enmobladatn

2022-07-23

Greatest distance one point can have from a vertice of a square given following conditions

A point P lies in the same plane as a given square of side 1.Let the vertices of the square,taken counterclockwise,be A,B,C, and D.Also,let the distances from P to A,B, and C, respectively, be u,v and w.

What is the greatest distance that P can be from D if ${u}^{2}+{v}^{2}={w}^{2}$?

Some thoughts I had:

1) Given a pair of vertices I could construct an ellipse with P as a point on the ellipse.

2) From the equality ${u}^{2}+{v}^{2}={w}^{2}$. I think that I have to consider the case where the angle between u and v is ${90}^{\circ}$. In this case I would have $w=1$ and $PD<2$.

That being said,I still fail to come at a concrete solution of the problem,it might be that none of my thoughts are right...

A point P lies in the same plane as a given square of side 1.Let the vertices of the square,taken counterclockwise,be A,B,C, and D.Also,let the distances from P to A,B, and C, respectively, be u,v and w.

What is the greatest distance that P can be from D if ${u}^{2}+{v}^{2}={w}^{2}$?

Some thoughts I had:

1) Given a pair of vertices I could construct an ellipse with P as a point on the ellipse.

2) From the equality ${u}^{2}+{v}^{2}={w}^{2}$. I think that I have to consider the case where the angle between u and v is ${90}^{\circ}$. In this case I would have $w=1$ and $PD<2$.

That being said,I still fail to come at a concrete solution of the problem,it might be that none of my thoughts are right...

Rihanna Robles

Beginner2022-07-24Added 18 answers

Step 1

We may suppose that $A(1,0),B(1,1),C(0,1),D(0,0),P(x,y).$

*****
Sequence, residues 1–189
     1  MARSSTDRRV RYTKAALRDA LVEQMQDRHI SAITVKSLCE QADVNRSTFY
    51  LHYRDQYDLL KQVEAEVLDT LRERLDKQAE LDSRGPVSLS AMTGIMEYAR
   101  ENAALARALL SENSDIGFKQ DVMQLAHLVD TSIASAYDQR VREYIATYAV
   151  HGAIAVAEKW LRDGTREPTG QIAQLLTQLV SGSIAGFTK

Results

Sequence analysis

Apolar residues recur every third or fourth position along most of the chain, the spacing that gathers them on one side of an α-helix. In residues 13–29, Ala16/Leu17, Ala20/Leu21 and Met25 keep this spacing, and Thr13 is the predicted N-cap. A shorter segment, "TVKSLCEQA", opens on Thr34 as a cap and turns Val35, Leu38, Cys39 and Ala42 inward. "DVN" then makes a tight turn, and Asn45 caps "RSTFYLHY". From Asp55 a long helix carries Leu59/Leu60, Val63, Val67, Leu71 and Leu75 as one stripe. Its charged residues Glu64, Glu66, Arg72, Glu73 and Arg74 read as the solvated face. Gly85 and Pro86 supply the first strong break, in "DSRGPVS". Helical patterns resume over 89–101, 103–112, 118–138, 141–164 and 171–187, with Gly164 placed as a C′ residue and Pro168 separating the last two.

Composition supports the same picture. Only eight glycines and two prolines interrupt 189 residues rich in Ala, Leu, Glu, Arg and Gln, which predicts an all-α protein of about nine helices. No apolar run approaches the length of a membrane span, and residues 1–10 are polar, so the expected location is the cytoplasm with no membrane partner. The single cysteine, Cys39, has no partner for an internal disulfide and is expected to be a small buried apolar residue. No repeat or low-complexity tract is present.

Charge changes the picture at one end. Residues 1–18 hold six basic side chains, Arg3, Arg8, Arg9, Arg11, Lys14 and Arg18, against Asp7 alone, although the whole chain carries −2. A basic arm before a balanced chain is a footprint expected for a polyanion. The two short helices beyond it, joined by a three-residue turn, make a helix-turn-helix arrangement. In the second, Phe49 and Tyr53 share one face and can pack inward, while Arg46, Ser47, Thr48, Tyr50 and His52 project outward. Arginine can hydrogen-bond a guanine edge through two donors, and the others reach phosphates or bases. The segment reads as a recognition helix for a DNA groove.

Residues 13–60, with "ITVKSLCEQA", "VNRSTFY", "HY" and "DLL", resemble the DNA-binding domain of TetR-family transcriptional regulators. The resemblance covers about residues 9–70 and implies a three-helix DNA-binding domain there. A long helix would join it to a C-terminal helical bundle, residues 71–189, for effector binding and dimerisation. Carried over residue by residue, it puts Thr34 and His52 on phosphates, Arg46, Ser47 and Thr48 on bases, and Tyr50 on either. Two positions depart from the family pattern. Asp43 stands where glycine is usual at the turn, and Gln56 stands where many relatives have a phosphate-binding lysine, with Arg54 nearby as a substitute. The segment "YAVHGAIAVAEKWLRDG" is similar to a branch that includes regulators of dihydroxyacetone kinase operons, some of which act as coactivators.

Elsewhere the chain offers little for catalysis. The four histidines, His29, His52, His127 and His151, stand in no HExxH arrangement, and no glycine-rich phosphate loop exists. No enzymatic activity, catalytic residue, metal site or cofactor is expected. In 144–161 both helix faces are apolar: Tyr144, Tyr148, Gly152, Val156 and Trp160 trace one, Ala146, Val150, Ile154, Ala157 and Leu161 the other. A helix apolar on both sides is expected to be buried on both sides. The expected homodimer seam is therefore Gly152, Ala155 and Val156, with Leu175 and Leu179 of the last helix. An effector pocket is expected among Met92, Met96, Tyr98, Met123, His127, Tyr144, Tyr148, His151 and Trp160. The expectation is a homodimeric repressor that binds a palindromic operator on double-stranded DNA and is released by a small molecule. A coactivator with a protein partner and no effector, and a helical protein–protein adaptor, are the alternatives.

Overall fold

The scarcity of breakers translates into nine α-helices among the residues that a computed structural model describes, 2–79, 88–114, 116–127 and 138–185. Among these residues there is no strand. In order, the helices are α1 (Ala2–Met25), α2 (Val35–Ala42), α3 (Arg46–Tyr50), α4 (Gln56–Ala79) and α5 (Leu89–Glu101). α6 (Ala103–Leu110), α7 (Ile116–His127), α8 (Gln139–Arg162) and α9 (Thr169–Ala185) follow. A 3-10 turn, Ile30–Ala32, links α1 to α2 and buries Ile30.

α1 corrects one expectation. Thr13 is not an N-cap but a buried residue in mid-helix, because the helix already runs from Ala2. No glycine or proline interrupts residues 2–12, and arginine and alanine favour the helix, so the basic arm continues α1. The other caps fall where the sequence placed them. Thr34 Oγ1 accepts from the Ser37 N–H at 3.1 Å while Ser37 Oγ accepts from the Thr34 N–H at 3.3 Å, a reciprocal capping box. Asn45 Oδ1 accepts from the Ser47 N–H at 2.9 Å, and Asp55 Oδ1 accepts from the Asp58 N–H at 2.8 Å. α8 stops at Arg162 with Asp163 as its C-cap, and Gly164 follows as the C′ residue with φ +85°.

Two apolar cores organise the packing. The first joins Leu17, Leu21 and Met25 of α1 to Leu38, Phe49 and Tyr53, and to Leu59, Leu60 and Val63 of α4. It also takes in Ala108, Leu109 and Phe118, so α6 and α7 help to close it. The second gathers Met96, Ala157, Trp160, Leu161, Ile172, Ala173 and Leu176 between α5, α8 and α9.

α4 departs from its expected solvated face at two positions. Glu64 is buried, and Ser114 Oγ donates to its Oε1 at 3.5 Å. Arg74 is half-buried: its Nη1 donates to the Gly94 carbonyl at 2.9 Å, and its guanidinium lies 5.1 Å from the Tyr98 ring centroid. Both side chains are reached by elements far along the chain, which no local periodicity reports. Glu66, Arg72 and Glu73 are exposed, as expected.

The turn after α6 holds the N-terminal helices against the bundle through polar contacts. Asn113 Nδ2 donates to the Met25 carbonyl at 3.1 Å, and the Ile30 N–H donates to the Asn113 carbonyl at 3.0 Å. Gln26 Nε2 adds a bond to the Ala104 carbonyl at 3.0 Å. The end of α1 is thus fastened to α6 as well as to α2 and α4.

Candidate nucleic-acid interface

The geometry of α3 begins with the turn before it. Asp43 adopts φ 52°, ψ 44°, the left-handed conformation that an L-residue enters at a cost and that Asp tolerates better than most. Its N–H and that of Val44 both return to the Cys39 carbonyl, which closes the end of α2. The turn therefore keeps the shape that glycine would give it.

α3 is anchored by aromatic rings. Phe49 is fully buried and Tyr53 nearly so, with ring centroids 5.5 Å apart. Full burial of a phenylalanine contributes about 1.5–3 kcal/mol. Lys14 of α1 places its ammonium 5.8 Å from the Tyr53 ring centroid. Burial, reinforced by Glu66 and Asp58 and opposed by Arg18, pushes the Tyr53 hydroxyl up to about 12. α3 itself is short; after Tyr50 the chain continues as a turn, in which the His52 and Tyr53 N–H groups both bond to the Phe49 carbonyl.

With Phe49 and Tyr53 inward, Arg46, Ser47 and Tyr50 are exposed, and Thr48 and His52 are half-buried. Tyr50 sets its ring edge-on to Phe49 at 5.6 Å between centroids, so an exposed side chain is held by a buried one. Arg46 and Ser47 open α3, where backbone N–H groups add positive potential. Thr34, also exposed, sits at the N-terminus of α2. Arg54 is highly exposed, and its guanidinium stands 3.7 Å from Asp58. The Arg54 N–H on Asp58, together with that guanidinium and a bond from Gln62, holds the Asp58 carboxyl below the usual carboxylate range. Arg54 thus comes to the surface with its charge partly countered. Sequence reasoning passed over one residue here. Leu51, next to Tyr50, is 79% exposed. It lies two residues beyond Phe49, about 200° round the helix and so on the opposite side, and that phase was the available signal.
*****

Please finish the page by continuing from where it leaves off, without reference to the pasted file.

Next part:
Then, we have ${u}^{2}=(x-1{)}^{2}+{y}^{2}$

${v}^{2}=(x-1{)}^{2}+(y-1{)}^{2}$

${w}^{2}={x}^{2}+(y-1{)}^{2}$

Step 2

So, we have ${u}^{2}+{v}^{2}={w}^{2}\phantom{\rule{thickmathspace}{0ex}}\u27fa\phantom{\rule{thickmathspace}{0ex}}2(x-1{)}^{2}+{y}^{2}+(y-1{)}^{2}={x}^{2}+(y-1{)}^{2}$

$\phantom{\rule{thickmathspace}{0ex}}\u27fa\phantom{\rule{thickmathspace}{0ex}}{x}^{2}-4x+2+{y}^{2}=0\phantom{\rule{thickmathspace}{0ex}}\u27fa\phantom{\rule{thickmathspace}{0ex}}(x-2{)}^{2}+{y}^{2}=2$

Hence, we want to find the greatest distance from the origin to a point on a circle $(x-2{)}^{2}+{y}^{2}=2$.

Thus, the answer is ${2+\sqrt{2}}$ when $P(2+\sqrt{2},0)$

We may suppose that $A(1,0),B(1,1),C(0,1),D(0,0),P(x,y).$

Then, we have ${u}^{2}=(x-1{)}^{2}+{y}^{2}$

${v}^{2}=(x-1{)}^{2}+(y-1{)}^{2}$

${w}^{2}={x}^{2}+(y-1{)}^{2}$

Step 2

So, we have ${u}^{2}+{v}^{2}={w}^{2}\phantom{\rule{thickmathspace}{0ex}}\u27fa\phantom{\rule{thickmathspace}{0ex}}2(x-1{)}^{2}+{y}^{2}+(y-1{)}^{2}={x}^{2}+(y-1{)}^{2}$

$\phantom{\rule{thickmathspace}{0ex}}\u27fa\phantom{\rule{thickmathspace}{0ex}}{x}^{2}-4x+2+{y}^{2}=0\phantom{\rule{thickmathspace}{0ex}}\u27fa\phantom{\rule{thickmathspace}{0ex}}(x-2{)}^{2}+{y}^{2}=2$

Hence, we want to find the greatest distance from the origin to a point on a circle $(x-2{)}^{2}+{y}^{2}=2$.

Thus, the answer is ${2+\sqrt{2}}$ when $P(2+\sqrt{2},0)$

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